Oil, gas firms help area schools
Oil and gas companies targeting resources in the Utica shale aren’t just looking at digging into the local ground but fitting in with the community.
Representatives of Antero Resources on Tuesday presented a check for $2,500 to the Marietta High School athletic department, as it did last week to five high schools in Monroe and Noble counties.
“Any areas that Antero’s active in, we try to reach out to the community, and we find that a good way to do that is to start with the high school athletic departments,” said Randall Randolph, supervisor for land surface operations with Antero.
Stephanie Ware, office manager for Antero’s local site, said the company has active sites in Monroe and Noble counties and chose Marietta because the Colorado-based company’s local activities are based out of the Broughton complex on Ohio 821.
“We want to be a part of the team,” she said. “We want to let them know we’re not just here to make money for ourselves.”
Marietta athletic director Rick Guimond said the school is still considering how it will use the money.
“This was a very pleasant surprise, and we’re very appreciative of this type of support in our community,” he said.
While local officials have been optimistic about the long-term economic impact of the shale boom, schools and other organizations have started to see smaller, more immediate impacts. Contributing to these entities seems to be part of the playbook for many companies as they set up shop in an area.
“This is actually a common occurrence with the oil and gas industry,” said Shawn Bennett, with Energy In Depth, a research, education and public outreach campaign launched by the Independent Petroleum Association of America. “It’s giving back … to the community where they’re operating.”
PDC Energy, which opened an office in Marietta this year, introduced itself to the Wolf Creek Local school district in May with a $5,000 donation for improvements at the Waterford High School baseball field.
“It means a great deal,” Wolf Creek Superintendent Bob Caldwell said this week. “It’s general fund money that you don’t have to spend, and you can sometimes accomplish things you couldn’t otherwise.”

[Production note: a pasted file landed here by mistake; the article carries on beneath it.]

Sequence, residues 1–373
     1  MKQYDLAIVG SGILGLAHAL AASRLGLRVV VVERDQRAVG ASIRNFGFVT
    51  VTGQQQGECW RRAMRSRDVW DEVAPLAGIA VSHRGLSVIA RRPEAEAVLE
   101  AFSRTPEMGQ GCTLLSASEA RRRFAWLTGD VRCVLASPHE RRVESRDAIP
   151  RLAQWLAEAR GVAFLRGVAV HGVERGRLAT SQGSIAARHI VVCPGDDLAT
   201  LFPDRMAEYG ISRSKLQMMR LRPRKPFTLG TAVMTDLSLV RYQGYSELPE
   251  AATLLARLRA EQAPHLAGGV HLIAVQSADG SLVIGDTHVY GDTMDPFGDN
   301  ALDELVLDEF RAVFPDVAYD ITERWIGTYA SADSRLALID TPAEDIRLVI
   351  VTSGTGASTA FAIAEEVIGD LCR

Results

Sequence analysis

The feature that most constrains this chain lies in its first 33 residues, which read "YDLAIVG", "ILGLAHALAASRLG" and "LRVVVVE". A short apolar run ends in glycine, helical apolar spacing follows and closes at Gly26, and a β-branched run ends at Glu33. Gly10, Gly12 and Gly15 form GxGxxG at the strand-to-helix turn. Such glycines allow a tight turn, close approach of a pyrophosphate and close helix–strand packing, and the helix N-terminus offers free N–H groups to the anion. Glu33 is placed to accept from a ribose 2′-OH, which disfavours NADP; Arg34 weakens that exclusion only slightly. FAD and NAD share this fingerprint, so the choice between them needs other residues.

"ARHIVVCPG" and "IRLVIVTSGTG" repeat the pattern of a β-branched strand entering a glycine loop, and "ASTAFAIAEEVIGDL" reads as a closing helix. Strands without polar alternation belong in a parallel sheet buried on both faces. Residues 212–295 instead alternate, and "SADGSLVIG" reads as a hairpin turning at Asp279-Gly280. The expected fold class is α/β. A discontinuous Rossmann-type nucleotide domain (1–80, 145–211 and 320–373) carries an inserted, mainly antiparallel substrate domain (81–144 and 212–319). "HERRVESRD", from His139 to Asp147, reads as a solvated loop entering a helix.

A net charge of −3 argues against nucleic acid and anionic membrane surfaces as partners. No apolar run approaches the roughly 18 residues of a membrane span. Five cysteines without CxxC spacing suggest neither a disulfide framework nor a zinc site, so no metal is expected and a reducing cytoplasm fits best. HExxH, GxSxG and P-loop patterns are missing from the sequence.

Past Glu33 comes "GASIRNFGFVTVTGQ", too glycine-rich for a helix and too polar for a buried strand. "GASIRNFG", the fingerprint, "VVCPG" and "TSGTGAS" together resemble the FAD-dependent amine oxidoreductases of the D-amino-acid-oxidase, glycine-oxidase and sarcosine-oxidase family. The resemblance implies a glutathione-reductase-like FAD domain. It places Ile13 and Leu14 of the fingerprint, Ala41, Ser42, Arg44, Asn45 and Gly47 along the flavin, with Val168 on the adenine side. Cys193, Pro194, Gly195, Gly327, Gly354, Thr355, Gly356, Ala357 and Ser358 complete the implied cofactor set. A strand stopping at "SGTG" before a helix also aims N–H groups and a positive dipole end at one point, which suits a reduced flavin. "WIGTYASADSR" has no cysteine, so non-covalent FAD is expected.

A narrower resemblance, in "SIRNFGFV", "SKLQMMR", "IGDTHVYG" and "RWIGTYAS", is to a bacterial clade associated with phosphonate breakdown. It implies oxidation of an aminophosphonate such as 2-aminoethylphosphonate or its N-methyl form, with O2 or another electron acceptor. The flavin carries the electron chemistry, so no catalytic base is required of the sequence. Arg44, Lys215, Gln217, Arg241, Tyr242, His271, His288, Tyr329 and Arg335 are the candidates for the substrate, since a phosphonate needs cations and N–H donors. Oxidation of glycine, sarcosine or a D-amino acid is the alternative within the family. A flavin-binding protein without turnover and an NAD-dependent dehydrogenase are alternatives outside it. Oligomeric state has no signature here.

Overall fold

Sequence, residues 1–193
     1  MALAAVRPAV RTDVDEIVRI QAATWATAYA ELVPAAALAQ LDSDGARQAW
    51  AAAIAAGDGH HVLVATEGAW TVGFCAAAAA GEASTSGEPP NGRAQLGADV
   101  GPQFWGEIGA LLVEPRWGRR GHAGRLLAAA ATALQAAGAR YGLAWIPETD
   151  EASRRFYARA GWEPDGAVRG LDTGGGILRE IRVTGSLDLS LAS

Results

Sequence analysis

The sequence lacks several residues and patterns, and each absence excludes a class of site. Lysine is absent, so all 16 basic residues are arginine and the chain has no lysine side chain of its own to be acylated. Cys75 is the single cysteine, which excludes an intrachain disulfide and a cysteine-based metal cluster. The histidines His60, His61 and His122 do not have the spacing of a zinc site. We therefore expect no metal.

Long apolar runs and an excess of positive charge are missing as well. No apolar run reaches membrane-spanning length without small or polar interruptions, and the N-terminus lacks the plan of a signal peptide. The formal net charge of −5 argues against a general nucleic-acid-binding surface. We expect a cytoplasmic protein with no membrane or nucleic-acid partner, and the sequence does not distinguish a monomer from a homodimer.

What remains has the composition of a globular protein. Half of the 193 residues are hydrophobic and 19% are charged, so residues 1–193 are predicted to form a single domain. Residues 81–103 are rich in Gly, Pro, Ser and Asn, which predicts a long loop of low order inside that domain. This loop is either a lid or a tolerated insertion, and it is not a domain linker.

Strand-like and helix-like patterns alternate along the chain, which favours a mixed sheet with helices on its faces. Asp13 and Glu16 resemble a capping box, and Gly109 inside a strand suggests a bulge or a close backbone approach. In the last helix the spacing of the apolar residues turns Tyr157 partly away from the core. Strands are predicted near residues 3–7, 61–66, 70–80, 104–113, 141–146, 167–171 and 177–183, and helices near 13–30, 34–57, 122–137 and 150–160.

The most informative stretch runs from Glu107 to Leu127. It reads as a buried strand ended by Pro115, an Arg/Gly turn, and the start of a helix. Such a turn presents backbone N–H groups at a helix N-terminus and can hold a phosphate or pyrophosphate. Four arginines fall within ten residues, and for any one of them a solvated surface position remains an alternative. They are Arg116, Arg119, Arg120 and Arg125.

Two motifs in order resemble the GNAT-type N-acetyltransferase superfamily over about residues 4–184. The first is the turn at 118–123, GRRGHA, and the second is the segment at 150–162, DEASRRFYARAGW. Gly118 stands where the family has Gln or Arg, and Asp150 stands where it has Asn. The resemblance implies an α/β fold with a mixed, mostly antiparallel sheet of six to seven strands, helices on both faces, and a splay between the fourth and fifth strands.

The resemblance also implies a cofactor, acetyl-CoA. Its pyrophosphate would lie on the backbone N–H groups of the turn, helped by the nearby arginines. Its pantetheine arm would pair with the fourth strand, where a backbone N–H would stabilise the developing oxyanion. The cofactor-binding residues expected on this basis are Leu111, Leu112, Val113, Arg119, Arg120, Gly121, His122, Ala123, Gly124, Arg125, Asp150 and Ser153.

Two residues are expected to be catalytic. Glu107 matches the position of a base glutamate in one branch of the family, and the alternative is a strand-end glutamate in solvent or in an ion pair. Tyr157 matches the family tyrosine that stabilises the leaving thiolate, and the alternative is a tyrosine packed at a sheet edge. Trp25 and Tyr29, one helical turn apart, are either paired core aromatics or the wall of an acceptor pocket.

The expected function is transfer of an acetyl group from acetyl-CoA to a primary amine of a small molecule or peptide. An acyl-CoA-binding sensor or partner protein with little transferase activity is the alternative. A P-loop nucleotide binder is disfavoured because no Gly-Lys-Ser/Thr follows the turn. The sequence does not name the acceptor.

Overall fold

As much as the economic benefits of the shale exploration have been touted, concerns about the potential environmental impact of the hydraulic fracturing process used to access minerals in the deep-underground formations have been front and center. Although industry experts say the process is safe when done properly, there have been calls for more research and expanded oversight. While some might dismiss the companies’ donations as an attempt to garner goodwill and gloss over such issues, Bennett said that isn’t the case.
“It’s to really better the students – and make better employees for them down the road,” he said.
And donations to local emergency services, as CONSOL Energy did with three Noble County fire departments during a back-to-school celebration in August, is an acknowledgment that they might one day need their services, Bennett said.
Caldwell High School Principal Devvon Dettra noted CONSOL has also offered to provide guest speakers to discuss careers in the industry.
“The oil and gas companies have been great” for the school and the community, he said. “They’ve offered to help in the classroom.”
CONSOL previously contributed financially to the high school art department’s Art in the Square program, and Caldwell is one of five area high schools – along with Shenandoah, Beallsville, Monroe Central and River – competing in the company’s Power Up program. People can log on to www.consolenergy.com/PowerUp and register to vote for the school that will be awarded $10,000 in May.
“They’ve said we could use it however we wanted,” Dettra said.
Marietta Superintendent Harry Fleming said schools appreciate contributions from local businesses, both new arrivals like Antero and longtime companies.
“The money is probably secondary to the support that that shows for the school districts,” he said.
While new companies may be making the donations as they move in, the oil and gas industry has long been a contributor to Ohio communities, said Rhonda Reda, executive director of the Ohio Oil and Gas Energy Education Program. That nonprofit organization, founded in 1998 by oil and gas producers, including Jerry James with Marietta-based Artex Oil, provides teacher workshops, scholarships, firefighter training, industry training and more.
“We’re funded 100 percent by the oil and gas producers,” Reda said.
OOGEEP recently played host to a workshop for kindergarten-through-12th-grade teachers at Marietta College to help them tie what’s going on in the industry into their curriculum. It included a visit to a horizontal well site in Lowell.